Three Reasons You Should Always Own Stocks!

Good morning!

Unless you hit the lottery and win millions of dollars, you should always have money invested in the stock market.

Even if you are retired, you should own stocks for the rest of your life.

Here’s why:

Reason Number One: We Are Living Longer.

Better eating habits, drugs, and medical technology have resulted in our living longer.

In the 1940s, life expectancy for a man and a woman at the age of 65 was 77 and 79, respectively.  Today, life expectancy has gone up considerably – to 84 for men and 86 for women.

You’re going to need a lot of money to ensure that you don’t outlive it!  Investing in the stock market over time is the best way to assure that.

Reason Number Two: Stocks Make Money Long Term.

Over the last 100 years, stocks have made money if you bought and held them.

Sure, there are instances where that has not been the case.  This is why we diversify, by owning at least 15 stocks at any given time in our portfolio.

But history has shown that stocks are more likely than not to go up.  These statistics prove it:

  • Stocks held for at least one year go up 73% of the time.
  • Stocks held for five years go up 85% of the time.
  • Stocks held for 10 years go up 95% of the time.
  • Stocks held over 20 years go up 100% of the time.

I will be an investor and holder of stocks for the rest of my life.

You have to look beyond the age of 65.  Many people do not look past that age when it comes to investing.  Remember, hopefully you’re going to live to be much older than 65.  So you will need that money to last you for many more years.

Reason Number 3: Stocks Beat Inflation.

Stocks are the absolute best at beating inflation.

If you own bonds, your return is fixed at, let’s say, 2% or 3%.  Meanwhile, inflation may be 7% to 9% annually.  In this scenario, you are losing money, because you are not keeping pace with inflation – let alone beating it.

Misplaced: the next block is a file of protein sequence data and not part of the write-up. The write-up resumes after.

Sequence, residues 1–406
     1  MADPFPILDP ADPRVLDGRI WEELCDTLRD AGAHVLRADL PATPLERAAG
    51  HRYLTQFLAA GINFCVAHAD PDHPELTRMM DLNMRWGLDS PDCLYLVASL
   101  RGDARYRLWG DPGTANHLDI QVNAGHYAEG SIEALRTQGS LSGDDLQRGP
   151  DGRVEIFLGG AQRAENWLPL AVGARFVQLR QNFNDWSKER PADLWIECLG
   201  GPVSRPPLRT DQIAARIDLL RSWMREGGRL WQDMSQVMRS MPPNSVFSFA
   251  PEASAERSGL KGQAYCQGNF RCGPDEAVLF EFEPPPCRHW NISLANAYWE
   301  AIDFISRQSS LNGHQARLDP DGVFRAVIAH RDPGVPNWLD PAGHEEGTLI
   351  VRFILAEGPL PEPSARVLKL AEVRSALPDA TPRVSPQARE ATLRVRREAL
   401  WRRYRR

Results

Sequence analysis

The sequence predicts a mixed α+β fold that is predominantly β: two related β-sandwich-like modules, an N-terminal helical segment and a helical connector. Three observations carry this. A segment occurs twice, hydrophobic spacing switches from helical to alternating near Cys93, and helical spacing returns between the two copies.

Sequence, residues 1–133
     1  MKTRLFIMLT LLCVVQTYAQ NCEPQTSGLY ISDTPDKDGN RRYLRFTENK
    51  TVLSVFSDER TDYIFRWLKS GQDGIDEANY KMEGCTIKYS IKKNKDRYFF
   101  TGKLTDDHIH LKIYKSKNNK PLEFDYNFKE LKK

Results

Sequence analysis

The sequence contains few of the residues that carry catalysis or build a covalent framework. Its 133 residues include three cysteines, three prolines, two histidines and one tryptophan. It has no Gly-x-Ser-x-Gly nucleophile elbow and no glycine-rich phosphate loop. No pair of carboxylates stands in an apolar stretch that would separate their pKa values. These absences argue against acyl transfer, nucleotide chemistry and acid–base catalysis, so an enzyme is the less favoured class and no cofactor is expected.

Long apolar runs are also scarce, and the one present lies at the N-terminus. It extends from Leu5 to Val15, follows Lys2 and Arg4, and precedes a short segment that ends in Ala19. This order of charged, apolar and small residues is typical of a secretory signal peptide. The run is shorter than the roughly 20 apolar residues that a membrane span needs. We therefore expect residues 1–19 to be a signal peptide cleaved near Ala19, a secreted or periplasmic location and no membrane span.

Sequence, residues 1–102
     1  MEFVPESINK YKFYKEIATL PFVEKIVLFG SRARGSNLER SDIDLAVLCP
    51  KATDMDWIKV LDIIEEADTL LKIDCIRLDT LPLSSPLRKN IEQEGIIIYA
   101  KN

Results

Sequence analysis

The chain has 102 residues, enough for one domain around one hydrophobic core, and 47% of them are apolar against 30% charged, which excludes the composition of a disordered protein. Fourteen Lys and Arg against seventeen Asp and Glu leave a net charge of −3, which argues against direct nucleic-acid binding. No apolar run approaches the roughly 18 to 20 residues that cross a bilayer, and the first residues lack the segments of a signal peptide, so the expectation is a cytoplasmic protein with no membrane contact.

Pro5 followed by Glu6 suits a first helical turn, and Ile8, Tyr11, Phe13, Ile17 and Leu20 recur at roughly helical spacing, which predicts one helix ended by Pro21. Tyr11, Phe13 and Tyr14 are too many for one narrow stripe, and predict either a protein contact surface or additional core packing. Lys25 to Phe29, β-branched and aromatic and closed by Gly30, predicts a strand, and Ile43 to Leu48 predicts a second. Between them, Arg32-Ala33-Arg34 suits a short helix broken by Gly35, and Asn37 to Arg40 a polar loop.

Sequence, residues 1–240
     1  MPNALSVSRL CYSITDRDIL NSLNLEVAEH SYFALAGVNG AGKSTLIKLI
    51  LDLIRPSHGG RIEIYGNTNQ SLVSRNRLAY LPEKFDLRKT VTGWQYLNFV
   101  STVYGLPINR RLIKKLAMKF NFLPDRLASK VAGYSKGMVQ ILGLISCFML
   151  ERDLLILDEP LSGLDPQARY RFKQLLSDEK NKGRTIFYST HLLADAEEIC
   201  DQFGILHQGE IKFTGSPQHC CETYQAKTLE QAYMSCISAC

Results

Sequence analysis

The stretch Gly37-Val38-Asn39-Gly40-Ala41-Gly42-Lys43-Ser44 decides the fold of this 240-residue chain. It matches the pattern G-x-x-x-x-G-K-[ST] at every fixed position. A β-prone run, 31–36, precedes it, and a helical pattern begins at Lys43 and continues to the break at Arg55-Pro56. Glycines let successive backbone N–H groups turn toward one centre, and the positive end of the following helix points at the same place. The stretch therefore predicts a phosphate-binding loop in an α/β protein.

Stocks will give you the best chance of beating inflation over time.

 

My book, The Stock Market is For Everyone, is a short guide for the beginning, inexperienced investor that is easy to understand and can be put into action immediately.

Click the image of the book at left to be taken to its Amazon page.  (Disclosure: As a participant in the Amazon Services LLC Associates Program, I earn a small commission on each sale generated through these links.)

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Don’t Listen To Jim Cramer On This!

don't listen to jim cramer

Every now and then I watch “Mad Money” with Jim Cramer on CNBC.  Since I don’t watch much TV, financial programming is pretty much what I gravitate to.

Now, Jim Cramer has helped many people – and still does every day.  His show has been wildly successful over the last 14 years.  He is very wise regarding the stock market.  I am quite often in agreement with him.

However…he sometimes gives advice that makes me cringe in my chair.

The piece of advice I want to address today is the idea of selling your original investment once you’re up 100 percent.

For example, let’s say you invested $1000 in a stock, the price doubles, and your investment grows to $2000.  He’s saying that you should sell $1000 worth and let the rest ride.

Here’s the problem I have with that.  Suppose you invested in Amazon, Netflix, Booking Holdings, Home Depot, or Walmart.  Had you done what Cramer suggested, you would have left hundreds of thousands – in some cases millions – on the table.

Yes, from a $1000 investment you could have left a great deal of money on the table over a lifetime!

If you’re fortunate enough to buy a stock, and the price doubles, please hold on!  

We measure investment success in percentages gained over a period of decades.

 

My book, The Stock Market is For Everyone, is a short guide for the beginning, inexperienced investor that is easy to understand and can be put into action immediately.

Click the image of the book at left to be taken to its Amazon page.  (Disclosure: As a participant in the Amazon Services LLC Associates Program, I earn a small commission on each sale generated through these links.)